As the British media continues to churn out story after story on the hacking scandal, the troubles in the Eurozone continue to mount. Like a set of dominoes, one by one countries are falling into deeper and deeper financial trouble. This week, the Cypriot Cabinet resigned over concerns that the island state would be next to go, following the patterns of Greece, Ireland, Portugal and potentially Spain and Italy.
The sudden burst of morality that has taken hold of the UK means that this crisis - arguably a more concerning and long-term one - has been pushed out of the spotlight. This is dangerous for politicians of all colours. Whist the hacking scandal should be given coverage, the way in which is has pushed all other news off our screens is disproportionate. In the same way, the US debt crisis is indeed important, and a US default would no doubt have an effect on the British economy. But we forget the impending Euro crisis at our peril.
The long-standing glue that holds the Eurozone together, Germany, is beginning to lose its will to do so. German taxpayers are beginning to question the benefit of them bailing out and supporting countries such as Greece and Ireland. At present, they have begrudgingly done so. If bigger economies collapse however - with Italy, Europe's third biggest economy, looking increasingly like it will - the Germans may not have the stomach for a rescue.
It is a catch-22 situation, because if these countries are not bailed out they will drag the Eurozone down with them. However, by bailing them out, other European countries are embroiling themselves in this whirlwind crisis.
Britain finds itself in a bizarre position in this crisis. Whilst not directly in the Eurozone per se, the import/export value of the EU is extremely valuable to Britain and, as David Cameron has said multiple times, keeping European countries afloat is in Britain's interest. Were there to be a serious collapse in the Eurozone, Britain would feel it, even though she is not directly linked.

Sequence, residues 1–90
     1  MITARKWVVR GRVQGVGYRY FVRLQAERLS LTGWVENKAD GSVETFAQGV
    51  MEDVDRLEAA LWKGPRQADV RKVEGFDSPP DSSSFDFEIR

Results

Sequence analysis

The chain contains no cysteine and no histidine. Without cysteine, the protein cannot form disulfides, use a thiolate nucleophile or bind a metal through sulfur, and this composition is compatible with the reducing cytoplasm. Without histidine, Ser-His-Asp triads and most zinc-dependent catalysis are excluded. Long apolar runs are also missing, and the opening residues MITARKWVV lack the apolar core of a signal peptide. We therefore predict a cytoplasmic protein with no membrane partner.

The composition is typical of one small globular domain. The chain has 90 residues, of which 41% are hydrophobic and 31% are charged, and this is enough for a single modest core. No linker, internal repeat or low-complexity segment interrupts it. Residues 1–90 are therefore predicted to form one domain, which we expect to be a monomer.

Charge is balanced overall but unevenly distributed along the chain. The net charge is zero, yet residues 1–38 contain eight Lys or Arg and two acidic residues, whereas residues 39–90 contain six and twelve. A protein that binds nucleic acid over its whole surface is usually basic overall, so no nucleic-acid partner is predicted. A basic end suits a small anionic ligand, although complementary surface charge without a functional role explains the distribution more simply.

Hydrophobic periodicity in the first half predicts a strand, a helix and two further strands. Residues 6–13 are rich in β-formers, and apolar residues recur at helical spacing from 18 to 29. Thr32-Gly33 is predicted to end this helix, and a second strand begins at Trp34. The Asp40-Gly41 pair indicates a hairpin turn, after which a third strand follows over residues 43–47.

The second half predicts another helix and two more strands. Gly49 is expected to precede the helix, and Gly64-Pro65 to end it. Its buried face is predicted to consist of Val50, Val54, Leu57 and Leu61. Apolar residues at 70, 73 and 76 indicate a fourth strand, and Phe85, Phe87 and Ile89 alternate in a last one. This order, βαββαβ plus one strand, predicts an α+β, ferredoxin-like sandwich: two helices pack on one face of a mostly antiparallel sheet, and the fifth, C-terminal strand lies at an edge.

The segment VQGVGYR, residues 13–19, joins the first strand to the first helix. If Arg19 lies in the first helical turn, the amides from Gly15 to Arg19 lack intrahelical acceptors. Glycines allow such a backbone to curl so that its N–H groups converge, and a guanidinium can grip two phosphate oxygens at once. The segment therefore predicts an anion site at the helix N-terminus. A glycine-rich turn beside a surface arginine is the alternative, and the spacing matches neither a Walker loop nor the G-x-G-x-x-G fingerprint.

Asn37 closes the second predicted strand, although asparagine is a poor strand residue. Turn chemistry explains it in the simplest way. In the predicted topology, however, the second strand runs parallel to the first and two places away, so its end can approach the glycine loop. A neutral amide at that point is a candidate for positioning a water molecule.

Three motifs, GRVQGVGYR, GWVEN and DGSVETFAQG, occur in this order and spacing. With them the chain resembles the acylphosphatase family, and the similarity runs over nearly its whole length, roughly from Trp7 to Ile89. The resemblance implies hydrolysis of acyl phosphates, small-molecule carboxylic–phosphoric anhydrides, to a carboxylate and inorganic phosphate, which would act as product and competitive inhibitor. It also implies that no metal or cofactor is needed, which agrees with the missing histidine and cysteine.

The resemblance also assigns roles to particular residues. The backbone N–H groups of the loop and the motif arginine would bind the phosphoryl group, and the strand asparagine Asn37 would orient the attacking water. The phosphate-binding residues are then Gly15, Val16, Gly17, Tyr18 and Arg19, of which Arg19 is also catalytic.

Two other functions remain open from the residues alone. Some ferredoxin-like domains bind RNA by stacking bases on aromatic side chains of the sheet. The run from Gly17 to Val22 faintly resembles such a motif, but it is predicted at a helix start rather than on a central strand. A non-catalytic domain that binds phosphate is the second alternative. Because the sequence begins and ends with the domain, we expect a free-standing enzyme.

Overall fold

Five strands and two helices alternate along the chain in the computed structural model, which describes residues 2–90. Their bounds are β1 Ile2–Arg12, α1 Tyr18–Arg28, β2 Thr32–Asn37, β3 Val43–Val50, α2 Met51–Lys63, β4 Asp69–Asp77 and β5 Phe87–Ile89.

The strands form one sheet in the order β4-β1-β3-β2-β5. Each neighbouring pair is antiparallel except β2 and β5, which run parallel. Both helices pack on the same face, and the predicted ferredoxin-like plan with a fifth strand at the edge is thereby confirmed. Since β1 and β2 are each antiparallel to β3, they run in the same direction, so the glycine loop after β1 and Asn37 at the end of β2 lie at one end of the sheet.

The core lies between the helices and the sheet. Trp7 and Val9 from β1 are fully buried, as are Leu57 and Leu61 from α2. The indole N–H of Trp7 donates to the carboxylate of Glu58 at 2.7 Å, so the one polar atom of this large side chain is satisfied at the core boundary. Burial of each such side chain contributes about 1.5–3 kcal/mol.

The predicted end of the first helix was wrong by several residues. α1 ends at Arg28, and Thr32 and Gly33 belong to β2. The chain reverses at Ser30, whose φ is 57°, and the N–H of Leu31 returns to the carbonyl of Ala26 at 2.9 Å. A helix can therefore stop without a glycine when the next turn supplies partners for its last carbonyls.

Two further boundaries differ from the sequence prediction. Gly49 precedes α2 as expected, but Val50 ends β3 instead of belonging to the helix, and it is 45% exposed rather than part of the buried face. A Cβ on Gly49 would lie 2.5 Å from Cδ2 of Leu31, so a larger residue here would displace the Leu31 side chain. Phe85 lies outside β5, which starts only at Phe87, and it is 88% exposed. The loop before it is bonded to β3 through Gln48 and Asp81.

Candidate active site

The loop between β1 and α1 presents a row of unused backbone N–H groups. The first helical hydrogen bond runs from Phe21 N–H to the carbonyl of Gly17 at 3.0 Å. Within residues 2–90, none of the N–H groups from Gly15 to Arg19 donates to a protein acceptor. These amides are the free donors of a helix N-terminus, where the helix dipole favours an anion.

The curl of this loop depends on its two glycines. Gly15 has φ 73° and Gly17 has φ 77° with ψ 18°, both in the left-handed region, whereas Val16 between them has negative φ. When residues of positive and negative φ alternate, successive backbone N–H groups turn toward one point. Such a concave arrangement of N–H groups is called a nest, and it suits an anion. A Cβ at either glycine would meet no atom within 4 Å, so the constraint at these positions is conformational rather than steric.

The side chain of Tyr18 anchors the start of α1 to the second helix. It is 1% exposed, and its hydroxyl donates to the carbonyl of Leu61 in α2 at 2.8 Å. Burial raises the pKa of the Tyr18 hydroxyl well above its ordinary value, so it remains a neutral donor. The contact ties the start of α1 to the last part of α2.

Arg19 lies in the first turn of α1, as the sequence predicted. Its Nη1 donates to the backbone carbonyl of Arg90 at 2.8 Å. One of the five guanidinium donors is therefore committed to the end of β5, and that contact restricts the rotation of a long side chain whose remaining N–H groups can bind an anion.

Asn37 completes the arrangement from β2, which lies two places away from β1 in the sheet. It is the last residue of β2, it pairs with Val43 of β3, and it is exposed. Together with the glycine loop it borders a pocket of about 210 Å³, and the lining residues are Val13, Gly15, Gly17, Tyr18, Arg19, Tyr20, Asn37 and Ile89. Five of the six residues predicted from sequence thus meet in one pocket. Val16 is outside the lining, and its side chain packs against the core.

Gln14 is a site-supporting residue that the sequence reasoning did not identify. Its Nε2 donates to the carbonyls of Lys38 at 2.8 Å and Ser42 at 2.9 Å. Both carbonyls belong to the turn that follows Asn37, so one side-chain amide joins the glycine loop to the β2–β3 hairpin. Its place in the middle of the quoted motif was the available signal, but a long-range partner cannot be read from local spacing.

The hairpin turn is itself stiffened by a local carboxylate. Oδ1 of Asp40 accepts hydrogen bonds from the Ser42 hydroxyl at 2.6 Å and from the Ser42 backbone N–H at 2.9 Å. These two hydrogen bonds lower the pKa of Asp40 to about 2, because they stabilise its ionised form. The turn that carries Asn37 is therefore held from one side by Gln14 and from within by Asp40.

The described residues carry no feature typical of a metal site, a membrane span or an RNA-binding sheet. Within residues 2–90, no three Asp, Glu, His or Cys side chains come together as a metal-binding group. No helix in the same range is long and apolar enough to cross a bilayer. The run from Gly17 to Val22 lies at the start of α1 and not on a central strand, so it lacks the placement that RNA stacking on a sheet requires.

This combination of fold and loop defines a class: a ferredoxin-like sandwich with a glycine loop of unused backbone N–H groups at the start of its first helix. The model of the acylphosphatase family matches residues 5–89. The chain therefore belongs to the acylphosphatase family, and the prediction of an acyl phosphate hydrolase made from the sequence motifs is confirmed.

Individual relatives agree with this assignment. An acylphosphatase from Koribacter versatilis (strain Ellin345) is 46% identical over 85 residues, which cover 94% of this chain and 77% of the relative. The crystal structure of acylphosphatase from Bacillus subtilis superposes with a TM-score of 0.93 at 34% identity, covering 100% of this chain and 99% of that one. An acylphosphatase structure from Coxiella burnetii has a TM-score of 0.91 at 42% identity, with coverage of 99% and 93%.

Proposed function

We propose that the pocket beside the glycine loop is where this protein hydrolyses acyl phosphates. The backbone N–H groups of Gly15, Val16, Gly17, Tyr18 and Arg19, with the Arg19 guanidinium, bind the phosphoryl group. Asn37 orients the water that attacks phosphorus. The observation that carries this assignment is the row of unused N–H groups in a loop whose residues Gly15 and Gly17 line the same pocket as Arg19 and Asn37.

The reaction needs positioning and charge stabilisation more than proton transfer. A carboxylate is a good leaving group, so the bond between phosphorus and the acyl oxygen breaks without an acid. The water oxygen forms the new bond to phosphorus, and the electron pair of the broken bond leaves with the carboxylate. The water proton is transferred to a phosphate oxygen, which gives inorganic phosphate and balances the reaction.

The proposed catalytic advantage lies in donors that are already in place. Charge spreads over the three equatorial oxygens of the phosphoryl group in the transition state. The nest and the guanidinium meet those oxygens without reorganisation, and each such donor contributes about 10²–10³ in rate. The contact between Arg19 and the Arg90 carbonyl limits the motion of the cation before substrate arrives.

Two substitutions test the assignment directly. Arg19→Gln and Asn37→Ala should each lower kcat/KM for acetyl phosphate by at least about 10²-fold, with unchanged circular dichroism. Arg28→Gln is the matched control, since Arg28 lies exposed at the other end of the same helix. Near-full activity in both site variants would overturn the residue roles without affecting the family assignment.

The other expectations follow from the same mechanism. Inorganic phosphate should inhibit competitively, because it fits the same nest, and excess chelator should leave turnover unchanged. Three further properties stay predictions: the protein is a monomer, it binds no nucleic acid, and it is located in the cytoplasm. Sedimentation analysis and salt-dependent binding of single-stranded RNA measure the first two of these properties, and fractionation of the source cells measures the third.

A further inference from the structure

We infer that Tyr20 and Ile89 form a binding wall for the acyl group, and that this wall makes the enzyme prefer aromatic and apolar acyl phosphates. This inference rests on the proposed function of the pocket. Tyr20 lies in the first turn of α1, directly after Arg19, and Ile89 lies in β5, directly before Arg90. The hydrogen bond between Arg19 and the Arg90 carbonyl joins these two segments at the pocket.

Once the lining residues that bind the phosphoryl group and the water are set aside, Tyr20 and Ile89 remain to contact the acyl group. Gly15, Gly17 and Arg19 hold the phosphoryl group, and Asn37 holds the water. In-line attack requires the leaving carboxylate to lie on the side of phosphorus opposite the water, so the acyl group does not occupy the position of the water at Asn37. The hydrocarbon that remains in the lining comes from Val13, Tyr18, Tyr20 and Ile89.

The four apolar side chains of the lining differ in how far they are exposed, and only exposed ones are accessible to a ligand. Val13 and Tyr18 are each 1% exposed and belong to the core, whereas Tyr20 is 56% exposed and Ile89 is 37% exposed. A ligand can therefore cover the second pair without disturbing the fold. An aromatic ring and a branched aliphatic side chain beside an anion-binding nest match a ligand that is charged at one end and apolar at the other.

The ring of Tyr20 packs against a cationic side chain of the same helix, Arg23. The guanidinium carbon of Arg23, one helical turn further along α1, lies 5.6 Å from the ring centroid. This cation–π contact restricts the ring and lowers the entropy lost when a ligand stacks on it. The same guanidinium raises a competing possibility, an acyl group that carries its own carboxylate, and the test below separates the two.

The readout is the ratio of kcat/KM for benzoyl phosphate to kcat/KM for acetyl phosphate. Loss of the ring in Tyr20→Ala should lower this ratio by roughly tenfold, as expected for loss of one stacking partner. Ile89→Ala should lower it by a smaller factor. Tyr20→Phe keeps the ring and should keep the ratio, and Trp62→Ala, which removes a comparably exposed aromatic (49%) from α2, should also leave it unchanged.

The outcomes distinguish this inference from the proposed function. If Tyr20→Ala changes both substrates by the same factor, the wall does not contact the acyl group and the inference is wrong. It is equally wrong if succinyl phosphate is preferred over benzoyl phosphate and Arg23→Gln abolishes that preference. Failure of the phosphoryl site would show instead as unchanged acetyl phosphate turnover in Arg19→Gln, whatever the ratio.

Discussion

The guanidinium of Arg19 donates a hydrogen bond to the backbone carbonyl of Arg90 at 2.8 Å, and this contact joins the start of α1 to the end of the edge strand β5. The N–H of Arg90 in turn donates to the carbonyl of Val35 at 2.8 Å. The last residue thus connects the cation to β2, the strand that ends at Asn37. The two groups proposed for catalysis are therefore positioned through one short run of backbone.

This is a message that the Government must keep plugging and keep reminding the public of. The hacking scandal may be more appealing to the media, but the Eurozone crisis is more pressing. It also brings up a whole host of questions, the most urgent of which is whether Britain should remain in the EU at all. David Cameron seems reluctant to leave, his reasoning being the trade benefits mentioned above. Another reason for his reticence is that to abandon Europe now, whilst the continent is in crisis, would have a damaging impact on Britain's relations. Eurozone countries would be reluctant to trade freely with a country that effectively left them to sink.
On the other side of the coin, the Prime Minister is right to not involve Britain too much in the situation. The further sucked in Britain gets, the harder it is to get out. As the Germans are finding, the European ideal is not all it was built up to be. Britain has a valuable position on the outside, able to offer advice and assistance as and when without getting implicated beyond its means.
The Government must keep an extremely careful eye on Europe. Hacking and the US are bound to take up media space, but the Government must focus on the Eurozone. In such a fast-moving situation, taking an eye off the ball could be disastrous. For the benefits of our European neighbours and ourselves, the Eurozone crisis must be the Prime Minister's priority.